This first pin comes from a set of fifteen 3" inch pins created for an auction basket for the Multnomah County Democrats Dick Celsi Dinner & Auction. At the time, March 2019, there were only 14 candidates announced. The set included the 14 announced candidates and a pin for Jeff Merkley, who had just announced he was not running for President. The pins were included with a couple bottles of wine and auctioned off during a silent auction. Somehow, the one set auctioned off made all the way to the Political Junkie Ken Rudin! 

Sunday, July 14, 2019

2020 Political Buttons Part 2

Back in May, we started highlighting the items generated by the 2020 presidential campaigns. You can read Part 1. We have prepared another installment with a run down of more items generated by the campaigns and grassroots groups supporting them.

Many of the campaigns have turned to a Texas company called 'BumperActive'. It is very uncommon for so many campaigns to use the same vendor as their official source of campaign materials. Some campaigns are not using this company (notably Joe Biden,  Andrew Yang, Marianne Williamson). Some campaigns even switched over from their previous vendor to BumperActive (Cory Booker). All this is to say, that there are a lot of items out there if you are interested in getting some from a campaign this cycle.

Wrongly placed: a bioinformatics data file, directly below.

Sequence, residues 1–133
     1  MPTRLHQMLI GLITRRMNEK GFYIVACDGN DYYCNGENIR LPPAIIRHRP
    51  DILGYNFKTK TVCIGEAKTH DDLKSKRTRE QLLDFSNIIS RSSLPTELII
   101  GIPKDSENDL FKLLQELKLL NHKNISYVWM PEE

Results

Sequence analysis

Wednesday, July 3, 2019

Portland Made Humphrey Stickers

We have recently come across a green HHH sticker made in Portland, Oregon. For a long time we had known of the smaller blue HHH sticker. Many members have it in their collections. Both of these stickers have Portland, Oregon union stickers on the face. Pretty neat to find a second sticker.

The two stickers have different photos of HHH in them, but with the same slogan. Note that the different union bugs are position in the same location on each sticker. It makes me wonder why a photo of Humphrey and Muskie were not used on these stickers, even if the stickers mention both candidates.

Saturday, May 18, 2019

Norma Paulus Remembered

Norma Paulus was the first woman to ever be elected to statewide office in Oregon history. 1976 was the first presidential election after Watergate and voters made their feelings known throughout the country about the shenanigans of the Republican Party and President Nixon. President Ford would seek the GOP nomination and have to fend off a strong challenge from California Governor Ronald Reagan.

In Oregon, Republicans had held most statewide offices for decades.  Paulus was elected after Clay Myers had held the position. She would be the last Republican Secretary of State until 2016 when Dennis Richardson was elected. The Oregon Republicans had held the Secretary of State office from 1878 to 1985. Norma Paulus paved the way for women gaining statewide office in Oregon. She won two successful campaigns for Secretary of State and two terms as Oregon's Superintendent of Public Instruction.